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Beltre Bested by Gracious Machado

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    NEWSLETTERS

    AP
    Home plate umpire Adrian Johnson, center, separates Baltimore Orioles' Manny Machado, left, and Oakland Athletics catcher Stephen Vogt after Machado threw his bat into the infield in the eighth inning of a baseball game, Sunday, June 8, 2014, in Baltimore. The Athletics won 11-1. (AP Photo/Gail Burton)

    Manny Machado was barely out of diapers when Adrian Beltre made his MLB debut.

    On Tuesday, Machado won his second Gold Glove award at third base and prevented Beltre from taking home his fifth, but after winning the award, Machado took time to praise his elders in Beltre and fellow finalist Evan Longoria.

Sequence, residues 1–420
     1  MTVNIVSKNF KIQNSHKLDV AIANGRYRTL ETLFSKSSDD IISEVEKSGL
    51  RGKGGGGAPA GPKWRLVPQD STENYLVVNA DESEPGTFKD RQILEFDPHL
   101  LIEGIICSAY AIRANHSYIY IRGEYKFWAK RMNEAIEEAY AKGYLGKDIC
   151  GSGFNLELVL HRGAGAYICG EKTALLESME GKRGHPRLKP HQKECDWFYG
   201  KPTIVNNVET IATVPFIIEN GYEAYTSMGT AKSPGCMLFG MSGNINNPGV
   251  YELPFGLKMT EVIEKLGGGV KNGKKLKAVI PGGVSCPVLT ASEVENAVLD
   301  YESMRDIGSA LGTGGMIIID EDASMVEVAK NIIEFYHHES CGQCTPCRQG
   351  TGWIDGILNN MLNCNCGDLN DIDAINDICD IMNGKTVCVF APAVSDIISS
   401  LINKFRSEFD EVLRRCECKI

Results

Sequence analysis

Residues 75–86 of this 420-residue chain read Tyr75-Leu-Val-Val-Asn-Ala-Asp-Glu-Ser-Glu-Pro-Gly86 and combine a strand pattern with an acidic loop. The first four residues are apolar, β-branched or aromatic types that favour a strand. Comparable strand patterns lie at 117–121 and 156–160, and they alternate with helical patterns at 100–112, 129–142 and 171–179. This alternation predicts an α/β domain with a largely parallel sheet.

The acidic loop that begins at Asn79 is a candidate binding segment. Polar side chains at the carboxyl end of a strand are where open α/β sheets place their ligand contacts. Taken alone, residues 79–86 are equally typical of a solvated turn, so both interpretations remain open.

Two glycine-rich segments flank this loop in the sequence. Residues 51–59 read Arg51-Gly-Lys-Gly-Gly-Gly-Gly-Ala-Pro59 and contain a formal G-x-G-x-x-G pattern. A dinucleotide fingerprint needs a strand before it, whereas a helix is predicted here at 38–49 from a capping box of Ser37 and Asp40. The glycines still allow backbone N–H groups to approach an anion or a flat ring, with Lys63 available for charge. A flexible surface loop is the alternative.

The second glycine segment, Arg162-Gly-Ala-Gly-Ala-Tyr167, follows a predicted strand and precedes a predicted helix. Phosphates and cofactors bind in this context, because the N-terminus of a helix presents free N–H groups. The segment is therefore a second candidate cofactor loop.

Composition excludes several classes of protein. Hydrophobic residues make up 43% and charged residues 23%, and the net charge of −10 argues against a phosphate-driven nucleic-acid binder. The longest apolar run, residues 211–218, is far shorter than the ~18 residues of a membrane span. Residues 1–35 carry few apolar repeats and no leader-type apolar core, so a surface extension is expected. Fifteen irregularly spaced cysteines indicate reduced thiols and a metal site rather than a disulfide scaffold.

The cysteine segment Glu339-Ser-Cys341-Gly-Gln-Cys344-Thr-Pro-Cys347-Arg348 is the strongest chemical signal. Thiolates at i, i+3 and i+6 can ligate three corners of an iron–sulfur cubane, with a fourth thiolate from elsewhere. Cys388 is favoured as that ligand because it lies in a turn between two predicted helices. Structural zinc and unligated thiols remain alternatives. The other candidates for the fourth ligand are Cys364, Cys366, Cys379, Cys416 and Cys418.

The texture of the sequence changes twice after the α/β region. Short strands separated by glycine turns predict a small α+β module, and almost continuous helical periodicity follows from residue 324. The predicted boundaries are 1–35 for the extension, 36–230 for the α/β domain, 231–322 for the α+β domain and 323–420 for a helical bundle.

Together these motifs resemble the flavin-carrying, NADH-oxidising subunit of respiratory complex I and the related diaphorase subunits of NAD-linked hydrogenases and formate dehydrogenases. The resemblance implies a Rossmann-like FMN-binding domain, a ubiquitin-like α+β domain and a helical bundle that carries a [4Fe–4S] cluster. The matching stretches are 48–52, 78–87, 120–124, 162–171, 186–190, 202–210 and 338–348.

Machado was groomed as a shortstop in the minors before getting called up to the bigs in 2012 as the Orioles' starting third baseman. Since then, he's never looked back, and he credits his fellow finalists for his progression at the hot corner.

    “When I came up, I never played third base in my life,” Machado told the Baltimore Sun. “So I watched a lot of YouTube video, so I watched a lot of video on Adrian and Longoria … just to kind of see how they played. See their pregame routine, how they did their pre-pitch [preparation], how they caught their grounders, just kind of see their highlights, just kind get a feel for what third base is and how I’m supposed to be playing it. To this day, I’m still learning.”

    Among the three finalists, Beltre recorded the most defensive runs saved (18), and Longoria committed the fewest errors (9), but Machado had the best SABR Defensive Index score.

    According to the Sun, Machado’s SABR Defensive Index score — which uses two types of existing defensive metrics: those derived from batted ball location-based data and those collected from play-by-play data — of 11.8 bettered both Beltre (7.8) and Longoria (5.1).